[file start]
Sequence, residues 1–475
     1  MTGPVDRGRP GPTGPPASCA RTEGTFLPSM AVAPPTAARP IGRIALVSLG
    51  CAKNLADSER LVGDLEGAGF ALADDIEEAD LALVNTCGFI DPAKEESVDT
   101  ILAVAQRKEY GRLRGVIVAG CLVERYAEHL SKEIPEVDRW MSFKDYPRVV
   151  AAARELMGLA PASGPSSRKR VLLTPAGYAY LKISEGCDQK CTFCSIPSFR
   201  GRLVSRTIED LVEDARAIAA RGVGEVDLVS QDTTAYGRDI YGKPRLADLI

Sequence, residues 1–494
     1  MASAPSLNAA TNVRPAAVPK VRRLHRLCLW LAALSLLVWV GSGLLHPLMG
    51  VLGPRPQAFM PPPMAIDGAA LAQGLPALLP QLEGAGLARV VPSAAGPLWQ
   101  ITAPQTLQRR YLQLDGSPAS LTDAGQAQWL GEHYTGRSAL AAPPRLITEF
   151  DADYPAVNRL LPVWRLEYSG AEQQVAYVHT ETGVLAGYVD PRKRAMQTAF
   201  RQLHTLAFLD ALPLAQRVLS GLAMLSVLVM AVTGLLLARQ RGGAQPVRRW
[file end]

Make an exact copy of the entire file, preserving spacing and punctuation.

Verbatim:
Sequence, residues 1–475
     1  MTGPVDRGRP GPTGPPASCA RTEGTFLPSM AVAPPTAARP IGRIALVSLG
    51  CAKNLADSER LVGDLEGAGF ALADDIEEAD LALVNTCGFI DPAKEESVDT
   101  ILAVAQRKEY GRLRGVIVAG CLVERYAEHL SKEIPEVDRW MSFKDYPRVV
   151  AAARELMGLA PASGPSSRKR VLLTPAGYAY LKISEGCDQK CTFCSIPSFR
   201  GRLVSRTIED LVEDARAIAA RGVGEVDLVS QDTTAYGRDI YGKPRLADLI

Sequence, residues 1–494
     1  MASAPSLNAA TNVRPAAVPK VRRLHRLCLW LAALSLLVWV GSGLLHPLMG
    51  VLGPRPQAFM PPPMAIDGAA LAQGLPALLP QLEGAGLARV VPSAAGPLWQ
   101  ITAPQTLQRR YLQLDGSPAS LTDAGQAQWL GEHYTGRSAL AAPPRLITEF
   151  DADYPAVNRL LPVWRLEYSG AEQQVAYVHT ETGVLAGYVD PRKRAMQTAF
   201  RQLHTLAFLD ALPLAQRVLS GLAMLSVLVM AVTGLLLARQ RGGAQPVRRW